TOJ: New York Jets RB Grade Sheet (Week 12)

TOJ Staff Writer Dalbin Osorio on why New York Jets Running Back Chris Ivory deserves more touches than Chris Johnson

This isn’t your traditional RB Grade sheet. Consider this a memo to Offensive Coordinator Marty Mornhinweg…

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TOJ: New York Jets Running Back Grade Sheet (Week 7)

TOJ Staff Writer Dalbin Osorio grades the New York Jets running backs after Week 7.

We’re back for this week’s running back grade sheet for the New York Jets from their heartbreaking loss to division rival New England. let’s get to it.

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TOJ – New York Jets Tight End Grade Sheet (Week 7)

Cole Patterson breaks down the recent usage of Jace Amaro, Jeff Cumberland and Zach Sudfeld by the New York Jets

Every week Cole Patterson will break down the performance of the New York Jets tight ends. Here is his take on week seven. 

Grading Scale: Tight end is an interesting position to grade out, given that they are responsible for both receiving and blocking. As receivers in this offense, tight ends will be asked to line up anywhere from slot, to split end, to flanker and be responsible for the entire route tree. As blockers in the offense, they will be assigned delayed releases, one-on-one blocks, or simply to chip a pass rusher. With these roles in mind, it is difficult to create a complex grading scale based on YPC or blocking, as the play may conclude before the tight end’s true role on the play is clear. All of that is to say, because the tight end position is so enigmatic, a simple letter based grading scale is best employed. 

  • A = Entirely positive impact
  • B = Consistent positive impact, few minor mistakes
  • C = Equal level of positive and negative impact, average, or made no impact plays whatsoever
  • D = Mostly negative impact, with room for improvement
  • F = Entirely negative impact

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TOJ – New York Jets Tight End Grade Sheet (Week 5): The Case for Jace

Cole Patterson zeros in on the New York Jets best option at tight end, Jace Amaro.

Normally, in this post, I go over the individual performances of the New York Jets tight ends: Jeff Cumberland, Jace Amaro, and Zach Sudfeld. If you’ve been keeping track or following my grade sheets you’ll know that, to this point in the season, the tight ends have been making little to no impact on paper. In fact, outside of dropping a few balls and whiffing a few key blocks, you may not even know they were on the field. Save one that is, enter: Jace Amaro.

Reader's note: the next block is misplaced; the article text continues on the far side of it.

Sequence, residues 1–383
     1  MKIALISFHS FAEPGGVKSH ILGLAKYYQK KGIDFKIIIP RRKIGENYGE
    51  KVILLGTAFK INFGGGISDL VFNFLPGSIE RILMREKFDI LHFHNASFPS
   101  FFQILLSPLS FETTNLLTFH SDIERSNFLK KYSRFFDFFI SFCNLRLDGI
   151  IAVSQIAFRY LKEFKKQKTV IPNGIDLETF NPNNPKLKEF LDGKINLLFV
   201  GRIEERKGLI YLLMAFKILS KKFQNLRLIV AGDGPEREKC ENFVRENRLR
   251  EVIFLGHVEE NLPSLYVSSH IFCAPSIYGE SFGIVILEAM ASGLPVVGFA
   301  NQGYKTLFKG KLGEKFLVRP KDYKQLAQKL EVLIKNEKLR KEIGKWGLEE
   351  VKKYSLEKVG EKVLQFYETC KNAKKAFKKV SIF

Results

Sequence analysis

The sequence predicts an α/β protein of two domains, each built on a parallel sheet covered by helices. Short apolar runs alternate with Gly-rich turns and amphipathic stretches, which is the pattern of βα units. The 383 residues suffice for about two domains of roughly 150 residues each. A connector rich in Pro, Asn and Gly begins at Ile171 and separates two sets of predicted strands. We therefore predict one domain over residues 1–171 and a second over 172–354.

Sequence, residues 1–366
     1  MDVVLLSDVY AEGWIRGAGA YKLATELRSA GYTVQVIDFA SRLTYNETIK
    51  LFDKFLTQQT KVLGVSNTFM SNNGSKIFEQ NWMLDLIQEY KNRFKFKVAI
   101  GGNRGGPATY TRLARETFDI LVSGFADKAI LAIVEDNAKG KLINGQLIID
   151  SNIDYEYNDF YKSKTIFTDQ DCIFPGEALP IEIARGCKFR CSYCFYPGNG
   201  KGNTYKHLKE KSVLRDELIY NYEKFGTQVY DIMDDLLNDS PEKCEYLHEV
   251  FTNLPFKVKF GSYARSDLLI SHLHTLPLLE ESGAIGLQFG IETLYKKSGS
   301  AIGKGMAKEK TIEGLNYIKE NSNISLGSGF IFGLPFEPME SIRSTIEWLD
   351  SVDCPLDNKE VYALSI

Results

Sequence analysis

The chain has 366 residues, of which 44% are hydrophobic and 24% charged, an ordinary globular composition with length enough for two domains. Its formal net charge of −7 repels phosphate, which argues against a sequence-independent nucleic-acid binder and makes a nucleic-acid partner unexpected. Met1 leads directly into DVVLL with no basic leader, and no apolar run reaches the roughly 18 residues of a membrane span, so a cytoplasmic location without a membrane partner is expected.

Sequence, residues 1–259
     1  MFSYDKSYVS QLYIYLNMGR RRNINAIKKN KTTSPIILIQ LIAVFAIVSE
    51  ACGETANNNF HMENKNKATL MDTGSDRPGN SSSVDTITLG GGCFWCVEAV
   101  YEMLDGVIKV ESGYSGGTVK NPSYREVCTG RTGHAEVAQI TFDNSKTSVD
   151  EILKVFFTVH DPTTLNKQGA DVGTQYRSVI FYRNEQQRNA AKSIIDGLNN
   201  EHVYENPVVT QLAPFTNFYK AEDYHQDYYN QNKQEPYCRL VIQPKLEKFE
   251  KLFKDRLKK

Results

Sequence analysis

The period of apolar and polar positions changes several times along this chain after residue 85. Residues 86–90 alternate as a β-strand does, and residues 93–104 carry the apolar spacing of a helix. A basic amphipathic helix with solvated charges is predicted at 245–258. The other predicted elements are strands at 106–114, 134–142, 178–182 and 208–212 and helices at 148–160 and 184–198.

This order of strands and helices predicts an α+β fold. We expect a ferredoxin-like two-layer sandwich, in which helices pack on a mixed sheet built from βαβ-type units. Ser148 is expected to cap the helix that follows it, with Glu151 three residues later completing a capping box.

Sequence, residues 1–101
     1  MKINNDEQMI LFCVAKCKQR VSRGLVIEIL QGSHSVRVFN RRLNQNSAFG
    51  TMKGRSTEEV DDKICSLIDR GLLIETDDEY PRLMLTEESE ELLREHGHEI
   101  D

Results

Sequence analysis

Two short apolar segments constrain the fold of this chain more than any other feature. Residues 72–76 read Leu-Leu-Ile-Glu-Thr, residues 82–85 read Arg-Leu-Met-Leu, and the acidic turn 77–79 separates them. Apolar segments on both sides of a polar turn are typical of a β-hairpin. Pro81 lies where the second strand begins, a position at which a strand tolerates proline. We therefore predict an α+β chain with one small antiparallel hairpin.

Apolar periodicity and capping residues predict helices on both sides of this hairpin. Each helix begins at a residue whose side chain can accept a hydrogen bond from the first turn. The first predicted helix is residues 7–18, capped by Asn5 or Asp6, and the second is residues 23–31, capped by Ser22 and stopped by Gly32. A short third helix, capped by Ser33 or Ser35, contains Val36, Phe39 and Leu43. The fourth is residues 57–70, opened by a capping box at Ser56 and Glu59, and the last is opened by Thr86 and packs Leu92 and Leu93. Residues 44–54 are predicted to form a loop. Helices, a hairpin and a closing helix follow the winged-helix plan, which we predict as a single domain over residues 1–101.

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TOJ – New York Jets Running Back Grade Sheet (Week 5)

Dalbin Osorio grades out the New York Jets running backs

The New York Jets running backs, like the rest of the team, turned in a pretty dismal performance on Sunday against the Chargers. There was plenty of blame to go around, as the offensive line repeatedly got beat off their blocks, the running backs weren’t utilized correctly, and they didn’t make the most of their opportunities when they were used correctly. Let’s get to the numbers, and then we’ll focus on the analysis.

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TOJ: New York Jets Running Back Grade Sheet (Week 3)

TOJ Staff Writer Dalbin Osorio grades the New York Jets running backs after Week 3.

Welcome back to the TOJ Running Back Grade Sheet for the New York Jets. There were some good and some bad things from the running backs on Monday, and we will highlight those. Let’s get to the running backs.

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TOJ – New York Jets Tight End Grade Sheet (Week 3)